post #13 of 14
Thread Starter 
Okay, I just got back from the vet. These two episodes were seizures--easy to tell because she was laying on her side and her whole body convulsing. Oaful seemed to be conscious, her eyes were extremely dilated-another sign that it was a seizure. What happens at the beginning is called the aura-lasts only a minute or less-the cat will become suddenly anxious, eyes dilate, they scramble off furniture to the floor. Then the seizure happens, laying on her side, all her legs shake, her head and her back. These normally last between a minute up to five minutes (hers lasted probably only a minute or two-it's hard to remember we were so scared). After the seizure, she'll be confused, exhausted, lethargic, and this can last from an hour to a day. The bloodwork will come back tomorrow morning-this was to rule out possible liver or kidney trouble. They won't treat the seizures as long as they're infrequent and relatively mild-they did give me a syringe of valium to inject anally during the next seizure. If they become more frequent or stronger, they'll treat her with medicine. I'm glad I came on here and that everyone urged me so strongly to take her to get checked. I feel a bit better knowing what's wrong, and that she wasn't in a great deal of danger, and now I know how to deal with these episodes with a bit more confidence. Poor Oafie I love her so darn much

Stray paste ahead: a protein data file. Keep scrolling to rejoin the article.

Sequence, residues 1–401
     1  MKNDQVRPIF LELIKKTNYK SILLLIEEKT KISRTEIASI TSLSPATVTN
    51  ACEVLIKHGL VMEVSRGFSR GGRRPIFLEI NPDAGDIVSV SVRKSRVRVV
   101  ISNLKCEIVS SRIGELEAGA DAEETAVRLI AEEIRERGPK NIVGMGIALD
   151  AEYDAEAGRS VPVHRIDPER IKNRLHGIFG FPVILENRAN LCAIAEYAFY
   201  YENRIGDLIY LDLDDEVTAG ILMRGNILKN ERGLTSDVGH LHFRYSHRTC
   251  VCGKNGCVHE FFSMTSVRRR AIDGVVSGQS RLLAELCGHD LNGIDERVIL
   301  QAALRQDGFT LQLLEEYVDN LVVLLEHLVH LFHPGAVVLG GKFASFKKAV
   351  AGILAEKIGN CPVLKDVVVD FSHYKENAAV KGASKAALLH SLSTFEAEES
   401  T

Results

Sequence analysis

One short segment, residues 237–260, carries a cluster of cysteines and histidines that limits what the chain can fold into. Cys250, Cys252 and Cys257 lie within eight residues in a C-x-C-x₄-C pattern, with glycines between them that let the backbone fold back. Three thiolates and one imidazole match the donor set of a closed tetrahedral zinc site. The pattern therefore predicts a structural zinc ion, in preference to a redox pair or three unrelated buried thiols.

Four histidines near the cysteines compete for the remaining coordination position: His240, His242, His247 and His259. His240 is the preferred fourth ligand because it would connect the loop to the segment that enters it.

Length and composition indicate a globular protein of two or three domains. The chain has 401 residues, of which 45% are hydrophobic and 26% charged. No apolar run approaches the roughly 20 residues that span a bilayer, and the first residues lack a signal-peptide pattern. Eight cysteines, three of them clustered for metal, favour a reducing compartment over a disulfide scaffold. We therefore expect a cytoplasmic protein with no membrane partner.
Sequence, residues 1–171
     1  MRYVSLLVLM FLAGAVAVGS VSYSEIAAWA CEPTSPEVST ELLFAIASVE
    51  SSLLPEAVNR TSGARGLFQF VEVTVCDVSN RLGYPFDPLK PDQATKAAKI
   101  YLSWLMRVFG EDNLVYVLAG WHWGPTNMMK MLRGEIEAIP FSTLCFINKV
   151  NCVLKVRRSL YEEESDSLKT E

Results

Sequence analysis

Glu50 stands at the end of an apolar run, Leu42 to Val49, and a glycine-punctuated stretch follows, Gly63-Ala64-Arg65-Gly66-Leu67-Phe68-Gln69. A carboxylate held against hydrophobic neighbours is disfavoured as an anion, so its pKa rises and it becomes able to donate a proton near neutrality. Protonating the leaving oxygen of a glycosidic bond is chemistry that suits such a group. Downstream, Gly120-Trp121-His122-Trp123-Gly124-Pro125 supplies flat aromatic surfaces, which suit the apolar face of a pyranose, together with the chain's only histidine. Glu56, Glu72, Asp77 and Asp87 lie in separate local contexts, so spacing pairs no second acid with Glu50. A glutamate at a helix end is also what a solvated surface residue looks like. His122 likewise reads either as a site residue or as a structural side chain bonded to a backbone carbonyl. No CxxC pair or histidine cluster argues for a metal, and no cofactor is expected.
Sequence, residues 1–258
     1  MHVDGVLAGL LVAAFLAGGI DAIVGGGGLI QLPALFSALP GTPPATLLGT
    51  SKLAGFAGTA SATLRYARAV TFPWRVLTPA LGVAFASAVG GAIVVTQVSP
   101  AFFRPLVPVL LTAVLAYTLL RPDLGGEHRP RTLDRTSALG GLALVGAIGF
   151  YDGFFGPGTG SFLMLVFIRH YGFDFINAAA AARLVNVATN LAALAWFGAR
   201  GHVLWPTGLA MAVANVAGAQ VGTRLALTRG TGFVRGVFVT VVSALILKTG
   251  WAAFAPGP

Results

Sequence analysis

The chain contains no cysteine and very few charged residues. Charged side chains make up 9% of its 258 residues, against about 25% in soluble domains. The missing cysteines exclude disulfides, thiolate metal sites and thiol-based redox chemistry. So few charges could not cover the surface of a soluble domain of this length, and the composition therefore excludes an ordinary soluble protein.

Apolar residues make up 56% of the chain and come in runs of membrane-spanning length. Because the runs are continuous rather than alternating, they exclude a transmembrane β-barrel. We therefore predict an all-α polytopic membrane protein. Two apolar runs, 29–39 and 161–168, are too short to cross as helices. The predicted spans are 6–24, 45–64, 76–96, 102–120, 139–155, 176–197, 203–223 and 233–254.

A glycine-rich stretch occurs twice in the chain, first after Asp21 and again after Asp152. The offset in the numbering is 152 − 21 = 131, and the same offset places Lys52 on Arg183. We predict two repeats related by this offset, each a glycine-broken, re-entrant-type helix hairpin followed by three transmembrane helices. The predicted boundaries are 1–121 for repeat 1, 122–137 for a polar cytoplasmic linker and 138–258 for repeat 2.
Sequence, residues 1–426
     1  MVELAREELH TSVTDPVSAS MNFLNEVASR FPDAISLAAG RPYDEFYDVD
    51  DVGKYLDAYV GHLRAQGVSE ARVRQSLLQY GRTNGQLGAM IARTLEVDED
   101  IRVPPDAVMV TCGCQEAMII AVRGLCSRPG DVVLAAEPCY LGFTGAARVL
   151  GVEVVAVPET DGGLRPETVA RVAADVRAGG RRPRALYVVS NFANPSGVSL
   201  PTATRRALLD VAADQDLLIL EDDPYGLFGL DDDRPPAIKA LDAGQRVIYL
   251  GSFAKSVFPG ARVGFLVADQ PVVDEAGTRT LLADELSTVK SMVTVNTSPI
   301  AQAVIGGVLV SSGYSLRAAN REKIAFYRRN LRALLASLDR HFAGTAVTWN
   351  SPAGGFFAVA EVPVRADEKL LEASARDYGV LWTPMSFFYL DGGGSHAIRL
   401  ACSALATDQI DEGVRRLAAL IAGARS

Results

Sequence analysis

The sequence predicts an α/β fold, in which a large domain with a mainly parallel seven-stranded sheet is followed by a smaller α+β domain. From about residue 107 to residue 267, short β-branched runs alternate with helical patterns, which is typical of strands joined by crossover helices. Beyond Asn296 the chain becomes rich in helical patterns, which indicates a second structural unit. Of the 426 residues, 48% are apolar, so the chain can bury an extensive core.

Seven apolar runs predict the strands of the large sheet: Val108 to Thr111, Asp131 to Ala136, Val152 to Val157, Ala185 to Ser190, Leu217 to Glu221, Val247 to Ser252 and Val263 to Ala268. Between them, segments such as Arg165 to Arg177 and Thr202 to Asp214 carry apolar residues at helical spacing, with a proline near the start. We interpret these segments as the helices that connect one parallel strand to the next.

post #14 of 14
I am glad that you found out what the problem is with your sweetie pie...
Please keep us dated about the blood work.
Here are some calming vibes for you and Oaful.